I can’t afford what would fix me

Guy: See you!
Girl: See you!
Guy: I love you!
Girl: You are killing me.
Guy: I ought to kill you.
Girl: What?!

34th Street Station, B Line

The best thing I overheard recently was a girl saying, “Hell, I’d fuck your dad for money.”

A blind man on the bus, laughing every time we stop, glad of the sensation like a kid on a circus ride. “Hey guys, what stop are we at?” I glance outside, looking for street signs, “We’re at second.” “Thanks!” Back to my book, I wonder briefly if anyone else would have bothered to reply. I speak up again when it’s my stop, “This is Broadway.” “The near side or the far side.” “The near side.” Then I’m gone, footsteps snapping away on the pavement, out of ear-shot, now invisible.

I can’t help but wonder, with a sunken feeling in my chest, if I should practice with a white cane now rather than later, when it will be more difficult. I’ve cut down on my reading and learned a couple of tricks that slow my eyes from degeneration, but I can tell they’re still getting worse. I close them sometimes when I walk with people to discover how far I can get only listening for the ends of sidewalks, for traffic, for other pedestrians and bumps in the road. I keep my hand tightly around their bicep, or tautly in their hand, and I listen, and walk, and I worry.

One of the more exclusive shows at HIVE2 placed the participant in the role of a convict at a prison. (One woman came back crying). To apply to take part, you wore an arm-band. When they came for you, (the audience was picked two by two), no matter when it was, you had to go or you forfeit. It looked as if it would be harsh, a nasty, hard-core experience, but really, the main body of the experience was ritualistic sensory deprivation. You were dressed in anonymous orange coveralls and a matching orange tuque, then sound dampeners and a blindfold were placed on your head. A rope was put in your hand, and you had to follow, passive, pulled, blind, unable to hear. Hands would reach out, solidly, and guide you through doorways, pull you up stairs. I had been expecting fear or an uncomfortable feeling of powerlessness, but unexpectedly, I smiled, warm and confident in the artificial darkness. “I do this already, minus the barked orders to sit, to stand, to go up a step. This is fine,” I thought, “though there’s no way the other person feels the same way. I hope she’s okay.”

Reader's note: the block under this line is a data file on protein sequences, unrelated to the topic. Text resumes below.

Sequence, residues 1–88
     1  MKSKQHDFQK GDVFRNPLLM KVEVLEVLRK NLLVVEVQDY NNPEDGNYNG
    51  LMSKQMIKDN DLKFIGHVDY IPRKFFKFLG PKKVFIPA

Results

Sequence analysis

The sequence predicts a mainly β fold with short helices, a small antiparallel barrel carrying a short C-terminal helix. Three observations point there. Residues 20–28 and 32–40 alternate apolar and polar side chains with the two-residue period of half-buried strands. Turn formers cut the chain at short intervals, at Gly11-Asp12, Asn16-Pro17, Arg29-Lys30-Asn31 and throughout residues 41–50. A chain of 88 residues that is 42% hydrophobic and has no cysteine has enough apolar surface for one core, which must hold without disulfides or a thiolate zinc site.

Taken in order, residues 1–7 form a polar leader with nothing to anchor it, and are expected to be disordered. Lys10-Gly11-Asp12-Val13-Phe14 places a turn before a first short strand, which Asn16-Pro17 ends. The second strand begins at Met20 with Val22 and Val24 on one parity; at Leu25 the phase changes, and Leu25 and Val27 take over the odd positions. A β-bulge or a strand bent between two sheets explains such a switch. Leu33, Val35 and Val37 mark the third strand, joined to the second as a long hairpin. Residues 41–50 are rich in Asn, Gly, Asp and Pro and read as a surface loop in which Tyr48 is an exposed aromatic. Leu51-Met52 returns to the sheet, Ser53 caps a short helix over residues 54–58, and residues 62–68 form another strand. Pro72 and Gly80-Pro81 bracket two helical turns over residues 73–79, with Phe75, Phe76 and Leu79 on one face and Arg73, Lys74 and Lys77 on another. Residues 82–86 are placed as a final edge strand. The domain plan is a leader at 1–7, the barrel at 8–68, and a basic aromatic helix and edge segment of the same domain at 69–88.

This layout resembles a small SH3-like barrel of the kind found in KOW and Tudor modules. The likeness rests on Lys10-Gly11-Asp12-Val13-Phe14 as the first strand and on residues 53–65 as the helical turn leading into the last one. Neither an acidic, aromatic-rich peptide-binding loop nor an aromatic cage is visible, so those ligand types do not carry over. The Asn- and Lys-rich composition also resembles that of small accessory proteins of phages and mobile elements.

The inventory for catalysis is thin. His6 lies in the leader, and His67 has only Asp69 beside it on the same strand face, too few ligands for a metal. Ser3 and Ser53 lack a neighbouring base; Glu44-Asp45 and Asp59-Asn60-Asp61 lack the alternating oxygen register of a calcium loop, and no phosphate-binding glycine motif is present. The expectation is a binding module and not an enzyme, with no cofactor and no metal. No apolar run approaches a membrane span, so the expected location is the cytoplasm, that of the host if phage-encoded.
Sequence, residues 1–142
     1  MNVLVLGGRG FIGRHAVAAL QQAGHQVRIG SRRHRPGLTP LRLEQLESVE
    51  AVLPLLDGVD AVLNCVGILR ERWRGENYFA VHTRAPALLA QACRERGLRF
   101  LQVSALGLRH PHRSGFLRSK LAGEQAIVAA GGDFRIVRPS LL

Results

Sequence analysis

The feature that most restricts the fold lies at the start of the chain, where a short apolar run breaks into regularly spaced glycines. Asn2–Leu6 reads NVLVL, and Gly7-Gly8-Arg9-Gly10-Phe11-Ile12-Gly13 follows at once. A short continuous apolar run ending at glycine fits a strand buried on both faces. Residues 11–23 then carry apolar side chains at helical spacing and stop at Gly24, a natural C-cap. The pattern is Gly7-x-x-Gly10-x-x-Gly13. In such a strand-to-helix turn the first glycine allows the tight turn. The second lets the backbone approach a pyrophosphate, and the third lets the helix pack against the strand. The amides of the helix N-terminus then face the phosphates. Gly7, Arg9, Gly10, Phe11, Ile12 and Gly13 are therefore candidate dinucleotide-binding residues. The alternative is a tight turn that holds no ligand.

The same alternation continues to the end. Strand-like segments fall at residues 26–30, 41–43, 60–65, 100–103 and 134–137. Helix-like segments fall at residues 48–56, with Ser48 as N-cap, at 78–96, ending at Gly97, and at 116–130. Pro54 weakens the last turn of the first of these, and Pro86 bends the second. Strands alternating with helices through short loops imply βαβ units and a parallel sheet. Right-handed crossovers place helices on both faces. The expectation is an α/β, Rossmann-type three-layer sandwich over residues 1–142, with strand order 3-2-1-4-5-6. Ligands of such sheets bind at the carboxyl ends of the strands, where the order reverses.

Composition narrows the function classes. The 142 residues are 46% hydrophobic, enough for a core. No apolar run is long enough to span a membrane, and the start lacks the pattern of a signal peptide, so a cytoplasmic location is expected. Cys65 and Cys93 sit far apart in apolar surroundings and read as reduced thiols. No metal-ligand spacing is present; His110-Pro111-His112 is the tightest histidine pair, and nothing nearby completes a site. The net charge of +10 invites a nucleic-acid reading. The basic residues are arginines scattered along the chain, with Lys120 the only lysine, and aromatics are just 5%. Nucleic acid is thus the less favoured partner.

There’s levels and layers to all of it, though. I was alright at HIVE2, solid and strong, but that was mild, a safe visit to a possible future.

My friend Mishi was paired with a seeing-eye dog recently, a sweet and exuberant black Labrador retriever. She says it takes 6 months to a year to become a smooth, seasoned team, which makes me smile, glad that she’s finally got her guide, but shyly, as I try not to imagine too closely what it must all be like.